Beware the sirens' call
The decision to put cash into markets this year depends on when investors think the interest rate cycle is properly priced. Getting there might be tricky. Higher bond yields and some growth uncertainties have provided a stuttering start to equity markets. A reduced gap between equity and bond returns is certainly one outcome for the year. In the short term, we need to watch the inflation and COVID-19 numbers and markets could be more volatile. Patience is the hardest virtue sometimes. Beware the sirens’ call.
Welcome to 2022 and a Happy New Year. I hope everyone was able to have some rest and peace over the holiday season. As we get back to work, markets have quickly shown us that there is much to be concerned about this year. I suggested in my last note that a key risk would be that we have all mis-priced the monetary policy cycle, meaning rates will go higher more quickly than was thought. The minutes from the last Federal Reserve Open Market Committee, which were released on January 5th, underlined that risk. They more than hinted that rate hikes could start sooner and that the central bank’s balance sheet could be reduced more aggressively. While this says nothing about the end-game of the coming monetary policy cycle – the Fed’s terminal interest rate forecast is still 2.5% – the journey there could be bumpier.
Real yields on the move
The big reaction to the minutes was a 30 basis points (bps) jump in real yields at the 10-year maturity of the curve. I have discussed real yields extensively in the past from both a secular and cyclical point of view. The focus now is very much on the cyclical. Previous recent monetary tightening cycles in the US have seen real yields rise. This has not been on a one-for-one basis but has been enough to push nominal yields higher. It looks as though this process is happening again and both earlier Fed rate hikes and a more aggressive reduction in the balance sheet will potentially force real yields higher. It tends to a view at the moment that bond returns will struggle until the markets have settled on a new consensus for the path of rates. Of course, the Fed is not all the story.
There are growth risks as well
If 2022 was characterised by continued economic recovery in the face of a receding pandemic and easing of supply disruptions and labour shortages, then confidence in the path of interest rates would be higher. However, we are in the midst of a fourth wave of the pandemic. While hospitalisation and death rates are lower than in previous waves – thanks to vaccination programmes – there is still disruption being done. Note the widespread cancellation of airline flights over the holidays and the shortages of public sector and other workers being reported in many economies. This is bound to create some downside growth risks in the short-term. In addition, there is no let-up in the global surge in energy prices. This tax on incomes will add to the growth uncertainties. So even though bond markets are super-sensitive to central bank messaging and have priced in more in terms of rate hikes than was the case a few weeks ago, there has to be a scenario in which the normalisation of policy is delayed.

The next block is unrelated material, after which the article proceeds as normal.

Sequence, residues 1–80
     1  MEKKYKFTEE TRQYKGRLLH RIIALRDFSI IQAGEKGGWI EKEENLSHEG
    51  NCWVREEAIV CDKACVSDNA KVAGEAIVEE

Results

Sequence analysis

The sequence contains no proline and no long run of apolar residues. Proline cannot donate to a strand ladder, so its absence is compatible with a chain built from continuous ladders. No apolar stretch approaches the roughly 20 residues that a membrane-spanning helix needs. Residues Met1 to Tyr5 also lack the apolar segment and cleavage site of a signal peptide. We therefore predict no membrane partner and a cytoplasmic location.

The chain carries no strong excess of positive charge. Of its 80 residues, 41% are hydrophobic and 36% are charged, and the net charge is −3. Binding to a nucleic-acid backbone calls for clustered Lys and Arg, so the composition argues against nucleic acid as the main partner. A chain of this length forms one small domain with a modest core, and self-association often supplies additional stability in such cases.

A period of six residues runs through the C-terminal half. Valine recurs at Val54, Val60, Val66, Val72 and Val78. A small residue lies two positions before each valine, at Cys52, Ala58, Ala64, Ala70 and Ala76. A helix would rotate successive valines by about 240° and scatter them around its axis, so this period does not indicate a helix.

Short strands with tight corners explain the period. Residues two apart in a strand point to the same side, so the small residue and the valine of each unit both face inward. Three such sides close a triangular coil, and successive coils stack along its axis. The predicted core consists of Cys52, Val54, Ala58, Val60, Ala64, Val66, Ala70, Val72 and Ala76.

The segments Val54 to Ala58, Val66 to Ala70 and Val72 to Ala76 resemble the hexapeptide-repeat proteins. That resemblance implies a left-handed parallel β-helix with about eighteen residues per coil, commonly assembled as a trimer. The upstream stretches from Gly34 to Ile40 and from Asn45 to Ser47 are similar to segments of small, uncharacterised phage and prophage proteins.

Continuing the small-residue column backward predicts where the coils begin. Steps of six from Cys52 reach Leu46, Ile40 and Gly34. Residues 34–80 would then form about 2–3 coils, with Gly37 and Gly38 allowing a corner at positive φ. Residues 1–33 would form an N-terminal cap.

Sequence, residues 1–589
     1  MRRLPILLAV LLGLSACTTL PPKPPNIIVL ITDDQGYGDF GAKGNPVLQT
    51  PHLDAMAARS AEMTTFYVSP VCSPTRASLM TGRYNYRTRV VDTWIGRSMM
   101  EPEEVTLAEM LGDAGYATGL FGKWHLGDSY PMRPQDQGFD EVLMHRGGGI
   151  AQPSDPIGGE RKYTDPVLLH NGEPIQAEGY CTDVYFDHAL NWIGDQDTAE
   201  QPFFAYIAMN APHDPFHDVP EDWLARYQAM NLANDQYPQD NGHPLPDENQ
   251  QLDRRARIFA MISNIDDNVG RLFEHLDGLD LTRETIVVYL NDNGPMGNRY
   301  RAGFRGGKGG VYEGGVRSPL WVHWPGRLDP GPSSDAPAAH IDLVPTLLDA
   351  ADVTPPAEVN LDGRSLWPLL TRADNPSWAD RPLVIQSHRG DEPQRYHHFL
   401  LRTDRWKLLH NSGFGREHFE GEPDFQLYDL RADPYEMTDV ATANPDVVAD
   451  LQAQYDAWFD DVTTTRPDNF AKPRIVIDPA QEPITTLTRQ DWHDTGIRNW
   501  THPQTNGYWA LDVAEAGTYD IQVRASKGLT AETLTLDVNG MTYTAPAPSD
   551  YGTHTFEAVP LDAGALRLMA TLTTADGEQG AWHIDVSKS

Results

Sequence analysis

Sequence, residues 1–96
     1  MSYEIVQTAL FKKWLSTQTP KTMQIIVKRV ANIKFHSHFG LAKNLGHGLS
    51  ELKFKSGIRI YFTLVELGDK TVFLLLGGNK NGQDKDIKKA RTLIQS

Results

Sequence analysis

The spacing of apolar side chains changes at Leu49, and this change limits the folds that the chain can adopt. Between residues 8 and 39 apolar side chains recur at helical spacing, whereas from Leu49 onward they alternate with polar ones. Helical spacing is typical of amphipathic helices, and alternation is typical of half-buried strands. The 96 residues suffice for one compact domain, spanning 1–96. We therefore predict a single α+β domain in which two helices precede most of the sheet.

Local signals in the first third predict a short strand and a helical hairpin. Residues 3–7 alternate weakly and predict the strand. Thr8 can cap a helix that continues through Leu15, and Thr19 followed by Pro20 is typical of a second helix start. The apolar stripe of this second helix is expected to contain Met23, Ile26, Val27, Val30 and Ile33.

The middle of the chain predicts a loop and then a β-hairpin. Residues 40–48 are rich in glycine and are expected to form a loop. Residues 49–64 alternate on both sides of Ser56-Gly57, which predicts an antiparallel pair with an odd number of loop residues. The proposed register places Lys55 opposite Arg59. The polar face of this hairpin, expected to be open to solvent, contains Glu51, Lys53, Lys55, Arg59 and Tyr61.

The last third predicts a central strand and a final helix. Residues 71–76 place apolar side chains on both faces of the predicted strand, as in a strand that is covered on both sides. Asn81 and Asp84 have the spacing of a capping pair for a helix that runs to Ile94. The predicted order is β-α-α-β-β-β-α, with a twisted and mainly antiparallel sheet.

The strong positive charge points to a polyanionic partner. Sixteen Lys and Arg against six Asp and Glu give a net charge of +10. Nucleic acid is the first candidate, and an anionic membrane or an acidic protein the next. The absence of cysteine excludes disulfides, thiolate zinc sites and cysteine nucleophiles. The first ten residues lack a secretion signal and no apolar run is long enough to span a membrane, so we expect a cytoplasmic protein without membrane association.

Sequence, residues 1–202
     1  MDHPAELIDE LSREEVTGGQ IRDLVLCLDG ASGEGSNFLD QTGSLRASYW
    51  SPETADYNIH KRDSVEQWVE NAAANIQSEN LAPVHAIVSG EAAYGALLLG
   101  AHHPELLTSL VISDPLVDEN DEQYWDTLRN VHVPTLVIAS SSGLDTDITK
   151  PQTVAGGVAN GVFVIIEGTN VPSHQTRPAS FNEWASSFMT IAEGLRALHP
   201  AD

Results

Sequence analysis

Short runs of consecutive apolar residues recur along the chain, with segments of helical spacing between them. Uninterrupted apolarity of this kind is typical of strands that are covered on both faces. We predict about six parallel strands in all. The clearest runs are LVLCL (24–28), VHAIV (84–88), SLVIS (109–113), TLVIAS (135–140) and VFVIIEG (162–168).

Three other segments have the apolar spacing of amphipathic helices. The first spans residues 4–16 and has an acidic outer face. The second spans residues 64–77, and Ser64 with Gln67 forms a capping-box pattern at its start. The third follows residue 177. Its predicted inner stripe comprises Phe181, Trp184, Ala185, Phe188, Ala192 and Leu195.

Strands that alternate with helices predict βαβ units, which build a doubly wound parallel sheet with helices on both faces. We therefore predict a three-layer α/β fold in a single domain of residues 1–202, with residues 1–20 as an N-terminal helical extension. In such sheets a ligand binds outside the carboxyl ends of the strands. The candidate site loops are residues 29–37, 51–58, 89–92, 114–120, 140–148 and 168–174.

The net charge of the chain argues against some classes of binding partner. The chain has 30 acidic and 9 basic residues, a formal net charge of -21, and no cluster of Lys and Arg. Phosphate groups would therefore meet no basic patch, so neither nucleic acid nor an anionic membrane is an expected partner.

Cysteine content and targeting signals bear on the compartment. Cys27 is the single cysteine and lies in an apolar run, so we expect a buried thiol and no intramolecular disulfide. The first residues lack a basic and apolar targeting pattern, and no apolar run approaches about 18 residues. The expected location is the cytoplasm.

All of this creates uncertainty. Bond yields have risen to their 2021 highs. For those investors concerned about growth and the ability of equity markets to sustain the performance of the last two years, these yield levels offer some defensive protection. On the equity side earnings momentum and revisions data suggest a 5%-10% total return expectation is reasonable this year. The most recent data from analysts is more negative in terms of EPS growth for Europe relative to the US but it remains the case that the US market is more highly valued. I would remind readers again that the rise in bond yields may force some re-ratings of equities – this is perhaps already happening at the index and sector levels.
Mean reversion anyone?
Globally, equity returns have massively outperformed. Using the MSCI world total return index and the ICE global bond market index, stocks beat bonds by 26% in the year to December 2021. In the initial COVID-19 recovery period between March 2020 and March 2021 the outperformance was 40%. My hunch is that we won’t see such an outcome this year. Some mean reversion is likely. In the US the gap between the earnings yield on the S&P500 and the 10-year US Treasury yield is 2.88%. This is lower than for any other market and lower than it has been for most of the QE period. If bond yields do spike higher the risk of an equity correction moves correspondingly.
Wealth growth stalling?
If equity-bond relative returns are less in 2022, it is more likely to be because of falling equity markets than a significant jump higher in bond returns. It would be because of a surge in risk-off behaviour brought about by the uncertain economic and policy outlook. I think investors should be prepared that total wealth doesn’t grow as much as it has in the last couple of years. For now, I stick with the view that short-duration high yielding fixed income and inflation linked-bonds remain attractive, as do income generating floating rate instruments. So far there has been no evidence of any deteriorating in credit quality. On the equity side, it may be a case of waiting for better valuations or sticking with a long-term view. There are many mega-trends that will drive equity returns over the coming years, mostly centred around de-carbonisation, further digitalisation and social considerations (healthcare, leisure, new trends in life-work balance). As always with investing, it depends on your time horizon and your risk tolerance.